U.S. may ban recognition of Russian sovereignty over Crimea
A bill has been submitted to the U.S. Congress, which prohibits the U.S. government from recognizing Russia’s sovereignty over annexed Crimea.
The author of the document, which was published on the website of the U.S. Congress, is the representative of the Democratic Party from Virginia, Gerry Connolly.
“To prohibit United States Government recognition of the Russian Federation’s claim of sovereignty over Crimea, and for other purposes,” the document reads.
The text of the document has not yet been made public yet. As noted on the website, on February 8 the bill was presented to the House Committee on Foreign Affairs.
If the document is adopted by the House of Representatives, it will be submitted to the Senate.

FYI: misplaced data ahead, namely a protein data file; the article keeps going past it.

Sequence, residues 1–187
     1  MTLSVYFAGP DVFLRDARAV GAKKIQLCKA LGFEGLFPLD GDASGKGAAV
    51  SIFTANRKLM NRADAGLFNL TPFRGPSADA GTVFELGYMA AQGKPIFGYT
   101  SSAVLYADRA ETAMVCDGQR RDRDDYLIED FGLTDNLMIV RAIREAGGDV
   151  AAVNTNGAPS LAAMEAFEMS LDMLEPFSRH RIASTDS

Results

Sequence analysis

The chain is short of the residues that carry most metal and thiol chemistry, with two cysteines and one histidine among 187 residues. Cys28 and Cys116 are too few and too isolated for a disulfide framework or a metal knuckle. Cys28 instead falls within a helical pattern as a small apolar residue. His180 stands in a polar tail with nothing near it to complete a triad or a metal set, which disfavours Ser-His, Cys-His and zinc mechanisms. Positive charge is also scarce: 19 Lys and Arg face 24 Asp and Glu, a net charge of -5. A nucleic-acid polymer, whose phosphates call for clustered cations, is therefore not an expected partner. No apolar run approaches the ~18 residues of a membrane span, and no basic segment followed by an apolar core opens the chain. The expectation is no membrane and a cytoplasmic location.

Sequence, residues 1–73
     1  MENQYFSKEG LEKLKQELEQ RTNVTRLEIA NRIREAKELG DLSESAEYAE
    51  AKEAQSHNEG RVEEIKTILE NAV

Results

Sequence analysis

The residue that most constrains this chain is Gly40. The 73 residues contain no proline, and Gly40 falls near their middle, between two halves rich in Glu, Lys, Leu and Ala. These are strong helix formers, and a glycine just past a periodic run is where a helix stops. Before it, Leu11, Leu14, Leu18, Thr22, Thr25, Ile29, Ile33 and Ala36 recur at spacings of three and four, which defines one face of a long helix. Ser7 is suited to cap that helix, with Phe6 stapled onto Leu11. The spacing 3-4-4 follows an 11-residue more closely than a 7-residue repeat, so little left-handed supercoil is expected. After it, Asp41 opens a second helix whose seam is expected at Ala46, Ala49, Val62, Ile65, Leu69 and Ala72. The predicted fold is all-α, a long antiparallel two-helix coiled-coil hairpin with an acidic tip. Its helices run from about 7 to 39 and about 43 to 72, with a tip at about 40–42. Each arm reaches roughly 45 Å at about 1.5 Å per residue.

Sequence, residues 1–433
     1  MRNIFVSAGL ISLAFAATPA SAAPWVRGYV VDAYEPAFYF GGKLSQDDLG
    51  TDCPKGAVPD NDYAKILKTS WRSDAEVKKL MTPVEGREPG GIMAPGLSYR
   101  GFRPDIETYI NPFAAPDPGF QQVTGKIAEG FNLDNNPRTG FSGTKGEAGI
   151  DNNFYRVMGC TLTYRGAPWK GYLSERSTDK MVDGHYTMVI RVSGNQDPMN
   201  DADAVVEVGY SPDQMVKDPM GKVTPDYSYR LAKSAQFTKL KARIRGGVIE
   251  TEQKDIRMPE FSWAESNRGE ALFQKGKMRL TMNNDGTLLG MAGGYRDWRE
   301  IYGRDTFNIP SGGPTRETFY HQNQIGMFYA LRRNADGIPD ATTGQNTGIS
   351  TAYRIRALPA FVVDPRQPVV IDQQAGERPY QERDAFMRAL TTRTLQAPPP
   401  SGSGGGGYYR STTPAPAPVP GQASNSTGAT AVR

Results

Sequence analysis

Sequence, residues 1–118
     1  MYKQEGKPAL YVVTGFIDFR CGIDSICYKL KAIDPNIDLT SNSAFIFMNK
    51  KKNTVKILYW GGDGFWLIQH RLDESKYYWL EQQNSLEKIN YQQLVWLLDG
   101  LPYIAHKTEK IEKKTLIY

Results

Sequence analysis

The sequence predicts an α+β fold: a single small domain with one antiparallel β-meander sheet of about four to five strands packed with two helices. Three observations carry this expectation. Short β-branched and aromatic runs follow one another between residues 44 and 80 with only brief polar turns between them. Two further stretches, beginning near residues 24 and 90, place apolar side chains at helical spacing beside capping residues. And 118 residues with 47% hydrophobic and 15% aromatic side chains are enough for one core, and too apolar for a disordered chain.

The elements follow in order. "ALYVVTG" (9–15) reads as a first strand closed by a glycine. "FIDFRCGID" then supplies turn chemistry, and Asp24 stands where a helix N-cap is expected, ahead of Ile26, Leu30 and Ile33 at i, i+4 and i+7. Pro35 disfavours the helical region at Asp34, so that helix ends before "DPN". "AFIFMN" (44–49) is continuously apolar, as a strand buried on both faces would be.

The U.S. Ambassador to Russia John Sullivan said that the United States and the European Union do not plan to ease sanctions against Russia, imposed, in particular, due to the annexation of Ukrainian Crimea.
In February 2014, armed people in uniforms without insignias appeared in Crimea and captured the Supreme Council of Crimea, the Simferopol Airport, the Kerch ferry crossing and other strategic objects, and prevented the Ukrainian army from taking action. Initially, the Russian government refused to acknowledge that these armed people were Russian soldiers, but President Vladimir Putin later admitted it.
On 16 March 2014, a referendum on the status of Crimea was held in Crimea and Sevastopol, in which the inhabitants supposedly voted for the peninsula to become part of Russia. The outcome of the so-called referendum is not recognized by Ukraine, the EU or the US. On 18 March, 2014, Putin announced the “annexation” of Crimea to Russia.
International organizations have declared the annexation illegal and condemned Russia’s actions. Western countries have imposed economic sanctions on Russia in connection with the annexation. Russia claims to have “restored historical justice”. Ukraine’s parliament, the Verkhovna Rada, declared 20 February 2014 the start of Russia’s temporary occupation of Crimea and Sevastopol.